June CPI Increases Probability of a 100 BPS Rate Hike
Following the release of the higher than estimated CPI inflation data, the possibility of a 100 basis points (bps) hike has increased. Reports suggest that futures on the federal funds rate have raised the likelihood of a full percentage point increase at the Federal Reserve meeting later this month.
Data from the CME Fedwatch tool suggests that the probability of a 100 basis-point raise this month is 41%. This value had surged up to 81% on Wednesday after the labor department released the CPI data before declining. The chart shows that the market anticipates a 75 bps raise by the Feds, with a 59% chance attached.
Racing CPI Figures Result in More Aggressive Calls
Initially, the consensus among economists before the CPI data release was that headline inflation would range between 8.7%- 8.9%. This allowed for speculation over the possibility of a 50-75% interest rate hike by the Feds in July. With the Federal Reserve hoping to risk the case of a recession to grind the galloping inflation to a halt.
The subsequent release of the inflation data by the Labor Department says the actual values exceed what was anticipated. The Consumer Price index rose in June on both a monthly and annual basis by 1.3% and 9.1%, respectively. This has all but canceled the notion of a 50 bps raise, with the 75-100 bps hike more likely.
While speaking to reporters, Wharton professor Jeremy Siegel called for a 100 basis point rate hike saying markets may be “close to the bottom.” He claimed that the aggressive hike by the Feds was the medicine needed to stop the inflation. He said,
“The Fed needs to grab the narrative of inflation. You got to take your medicine now to get cured. If you just let it go, you’re going to have to take more medicine later on.”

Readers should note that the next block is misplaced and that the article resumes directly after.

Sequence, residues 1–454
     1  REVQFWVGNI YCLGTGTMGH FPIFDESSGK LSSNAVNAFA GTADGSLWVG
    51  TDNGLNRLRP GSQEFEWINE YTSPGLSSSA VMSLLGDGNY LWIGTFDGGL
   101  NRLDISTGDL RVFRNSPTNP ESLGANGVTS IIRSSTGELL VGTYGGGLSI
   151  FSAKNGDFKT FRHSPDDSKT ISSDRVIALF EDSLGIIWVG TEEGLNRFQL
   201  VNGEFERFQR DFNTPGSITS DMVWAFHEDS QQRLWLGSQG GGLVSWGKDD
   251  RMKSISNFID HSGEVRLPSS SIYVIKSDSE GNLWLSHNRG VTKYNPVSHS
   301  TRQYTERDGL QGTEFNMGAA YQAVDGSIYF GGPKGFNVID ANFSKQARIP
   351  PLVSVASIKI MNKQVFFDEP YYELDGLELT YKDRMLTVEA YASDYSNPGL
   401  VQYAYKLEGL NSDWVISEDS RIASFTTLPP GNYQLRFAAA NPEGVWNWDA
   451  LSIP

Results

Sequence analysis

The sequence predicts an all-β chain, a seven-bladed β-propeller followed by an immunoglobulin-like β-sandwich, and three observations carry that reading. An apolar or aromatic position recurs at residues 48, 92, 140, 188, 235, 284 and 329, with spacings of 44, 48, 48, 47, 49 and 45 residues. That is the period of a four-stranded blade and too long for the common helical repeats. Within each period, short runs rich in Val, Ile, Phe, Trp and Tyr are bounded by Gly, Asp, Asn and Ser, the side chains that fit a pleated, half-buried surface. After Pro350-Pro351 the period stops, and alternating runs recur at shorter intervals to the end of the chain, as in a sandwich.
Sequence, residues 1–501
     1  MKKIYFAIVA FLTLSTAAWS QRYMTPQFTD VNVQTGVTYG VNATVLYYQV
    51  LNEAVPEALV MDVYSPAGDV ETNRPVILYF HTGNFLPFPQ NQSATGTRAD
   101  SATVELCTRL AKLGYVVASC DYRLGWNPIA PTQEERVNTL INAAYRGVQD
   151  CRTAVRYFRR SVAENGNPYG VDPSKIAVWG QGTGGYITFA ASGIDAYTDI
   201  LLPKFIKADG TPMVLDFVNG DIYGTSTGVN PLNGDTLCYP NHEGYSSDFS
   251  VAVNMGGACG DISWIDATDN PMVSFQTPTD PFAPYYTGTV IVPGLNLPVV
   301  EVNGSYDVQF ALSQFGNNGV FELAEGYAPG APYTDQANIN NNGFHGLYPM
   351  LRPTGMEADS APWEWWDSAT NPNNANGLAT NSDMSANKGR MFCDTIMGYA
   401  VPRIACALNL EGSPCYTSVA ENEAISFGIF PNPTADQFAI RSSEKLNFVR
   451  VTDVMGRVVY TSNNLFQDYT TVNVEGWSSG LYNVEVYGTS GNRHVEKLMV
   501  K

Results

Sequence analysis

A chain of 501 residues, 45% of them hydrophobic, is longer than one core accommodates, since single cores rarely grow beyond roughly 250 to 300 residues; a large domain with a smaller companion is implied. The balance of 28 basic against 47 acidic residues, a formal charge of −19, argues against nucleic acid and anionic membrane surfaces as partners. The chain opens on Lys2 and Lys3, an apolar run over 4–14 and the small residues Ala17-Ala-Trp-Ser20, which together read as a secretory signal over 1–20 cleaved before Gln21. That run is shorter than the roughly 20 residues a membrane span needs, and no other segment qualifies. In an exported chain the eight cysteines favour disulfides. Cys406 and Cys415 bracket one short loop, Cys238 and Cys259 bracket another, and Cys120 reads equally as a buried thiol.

Furthermore, Siegel claimed Fed chief Jerome Powell could defend such a forceful decision. By combining the anticipated 50 basis point hike for June with the expected 50 basis point boost for July. He reiterated that anything short of this would indicate to the markets that the Federal Reserve does not have inflation under control.
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Implications of a Potential 100 BPS Hike
To tackle inflation at a 40-year high, the Federal Reserve needs to increase its interest rates aggressively. However, doing so risks sending the economy into a recession. The interest rate hikes have seemingly confirmed a recession for 2023 as the 2-year/10-year yield curve inverted after 15 years—a sure signal for an impending recession.
Consequently, a 100 bps would slow the economy while likely bringing inflation under control. However, reports suggest that a market surge may be on the cards if the Fed successfully tackles the inflation issue. This is because investors and firms have all started to factor in the higher rates while downgrading their earnings forecasts.
Meanwhile, there have been calls for investors to avoid panic amidst the Feds’ possible aggressive hike. Nonetheless, Siegal believes that after raising the interest rates by 100 bps in July, the Feds should allow its effect to show in the economy. He warned that further similar hikes would trigger a severe recession and reiterated that the markets have already factored in a mild recession in 2023. He said,
“I think you will get a rally, and [while] it is very hard to pick exact market bottoms, I think we are close to the bottom. The rally will unravel within “hours” of the Fed’s announcement. “
Finally, he said that if the Fed makes a significant move on Wednesday, inflation should decline by the end of the year. Also, he opined that if commodity prices start to follow stock markets into bear territory, the US economy will reign in inflation.
After yesterday’s opening, stocks had a steep decline before slowly rising. The S&P 500 dropped 0.3% to reach 3790.38. The Dow Jones Industrial Average finished at 30630.17 after falling by 0.5%, marking another five-day losing streak for the blue-chip index. Meanwhile, the Nasdaq Composite Index rose by less than 0.1% to close at 11251.19.
Do you think the Feds would hike the interest rate by a full percentage at its next meeting? Let us know your thoughts in the comments below.